• She loves Oakland.  We say that a lot.  But she really does.  She loves the dirty and the gritty, the messy and the urban-decay-stuff-we-want-to-overlook and deny.
  • She loves the people: not just the beautiful ones, but maybe even more so the  crazies.  It’s often that she buys food for folks on the street.  She knows all the street people in the Dimond (and well beyond) by first name and life-story.  She considers them to be her neighbors too, ones that she is called to love in word and deed.
  • She is a connection-maker.  She knows everyone on the street – not just the street people – she knows the business owners, employees, etc. – by name.  She doesn’t live in the hood.  She lives in her hood.
  • She is an amazing technology-using-communicator.  She creates and publishes more than you know in terms of paper and e-marketing/communication in the Dimond and greater Oakland.  She taught me a lot about blogging, writing and the connections that we can not only make but also mature online.  She also stood with me, having my back, when I got involved (not as much as she did) in the messy union-related tuff around Farmer Joe’s a couple of years ago.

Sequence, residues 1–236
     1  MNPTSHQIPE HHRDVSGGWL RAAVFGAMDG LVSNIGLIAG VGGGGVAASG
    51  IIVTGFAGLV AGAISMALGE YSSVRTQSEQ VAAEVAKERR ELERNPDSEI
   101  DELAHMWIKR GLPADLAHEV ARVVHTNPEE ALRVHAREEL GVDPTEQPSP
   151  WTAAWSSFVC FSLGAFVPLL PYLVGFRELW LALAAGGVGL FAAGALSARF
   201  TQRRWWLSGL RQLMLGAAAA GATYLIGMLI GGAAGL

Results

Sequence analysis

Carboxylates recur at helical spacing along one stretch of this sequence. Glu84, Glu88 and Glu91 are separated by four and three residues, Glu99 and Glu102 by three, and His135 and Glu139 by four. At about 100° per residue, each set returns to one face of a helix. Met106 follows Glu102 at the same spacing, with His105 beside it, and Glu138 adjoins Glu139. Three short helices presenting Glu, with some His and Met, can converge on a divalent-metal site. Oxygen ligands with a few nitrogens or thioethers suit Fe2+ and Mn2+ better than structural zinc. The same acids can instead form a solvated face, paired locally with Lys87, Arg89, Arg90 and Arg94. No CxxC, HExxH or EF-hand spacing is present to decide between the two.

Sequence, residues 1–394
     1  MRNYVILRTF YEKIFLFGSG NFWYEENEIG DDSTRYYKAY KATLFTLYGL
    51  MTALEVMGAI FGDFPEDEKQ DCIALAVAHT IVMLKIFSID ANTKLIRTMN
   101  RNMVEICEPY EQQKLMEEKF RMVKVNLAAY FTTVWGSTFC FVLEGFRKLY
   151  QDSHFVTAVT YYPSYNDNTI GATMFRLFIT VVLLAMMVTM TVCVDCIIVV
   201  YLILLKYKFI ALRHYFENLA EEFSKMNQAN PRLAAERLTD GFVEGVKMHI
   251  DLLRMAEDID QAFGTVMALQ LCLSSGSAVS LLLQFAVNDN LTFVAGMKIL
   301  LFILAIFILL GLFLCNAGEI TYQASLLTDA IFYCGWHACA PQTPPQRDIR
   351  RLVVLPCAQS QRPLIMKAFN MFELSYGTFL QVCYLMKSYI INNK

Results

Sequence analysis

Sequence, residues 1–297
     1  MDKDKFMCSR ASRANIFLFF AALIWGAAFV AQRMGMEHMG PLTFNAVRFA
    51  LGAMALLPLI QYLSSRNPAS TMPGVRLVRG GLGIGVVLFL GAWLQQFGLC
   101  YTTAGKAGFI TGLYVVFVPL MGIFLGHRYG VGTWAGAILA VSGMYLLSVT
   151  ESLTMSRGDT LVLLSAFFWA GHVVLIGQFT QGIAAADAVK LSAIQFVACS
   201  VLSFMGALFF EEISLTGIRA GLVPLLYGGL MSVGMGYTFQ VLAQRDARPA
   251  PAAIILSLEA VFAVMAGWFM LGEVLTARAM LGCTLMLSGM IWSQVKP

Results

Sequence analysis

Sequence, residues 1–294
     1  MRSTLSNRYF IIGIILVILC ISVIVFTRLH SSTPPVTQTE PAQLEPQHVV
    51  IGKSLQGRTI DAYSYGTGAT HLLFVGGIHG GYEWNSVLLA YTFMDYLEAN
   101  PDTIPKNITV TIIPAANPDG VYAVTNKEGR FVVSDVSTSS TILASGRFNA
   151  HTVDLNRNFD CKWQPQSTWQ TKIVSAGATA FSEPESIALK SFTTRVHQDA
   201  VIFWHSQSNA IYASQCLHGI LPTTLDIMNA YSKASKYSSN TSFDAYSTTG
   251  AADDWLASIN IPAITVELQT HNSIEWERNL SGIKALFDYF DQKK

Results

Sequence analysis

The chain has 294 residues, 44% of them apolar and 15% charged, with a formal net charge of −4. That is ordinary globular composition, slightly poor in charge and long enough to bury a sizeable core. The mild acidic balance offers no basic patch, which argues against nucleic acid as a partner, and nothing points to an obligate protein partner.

• She knows and embodies the words GENEROSITY and SOLIDARITY more than anyone I’ve ever met.  I spend my days talking about what it means to love unconditionally, inclusively, as God first loves us in the person of Jesus of Nazareth.  I may be a good “talker” about that. Corn Dog lives it.

Corn Dog should probably be voted Oakland Resident #1.  She should definitely win, or at least be on, Jean Quan’s Local Heroes list.  Of course even if she won she’d never show up to receive the prize or the praise.  You may not know her by name – but odds are you’ve seen her – walking her canine children through the Dimond, contemplating the giant Jesus at the Mormon Temple Center, at the monthly Dimond Peace Vigil [first Sunday of the month at 7pm at the corner of Champion and MacArthur] or riding the 57 bus.  I see her most days walking the hood and loved encountering her on her online before she changed things up.  The Corn Dogs embody the best of Oakland and the best that it can become.  It’s all about the people.

Thanks Monte for offering your post. Again, you can find Monte on his BLOG, on TWITTER or on the Facebook Page for College Avenue Presbyterian. Also, please be sure to check out the rest of the guest bloggers.

 

 

5 comments

  • DebraAvery  

    This makes me very happy. Monte, all the things you point out are the reasons I am excited to come to Oakland. Not trying to be overly gushy, but I cannot wait to discover all you’ve laid out here and even more – to serve side by side with you in this Town!

  • DebraAvery  

    This makes me very happy. Monte, all the things you point out are the reasons I am excited to come to Oakland. Not trying to be overly gushy, but I cannot wait to discover all you’ve laid out here and even more – to serve side by side with you in this Town!

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  • mark  

    Have you taken a drive down International. Lord have mercy on tat side of Oakland.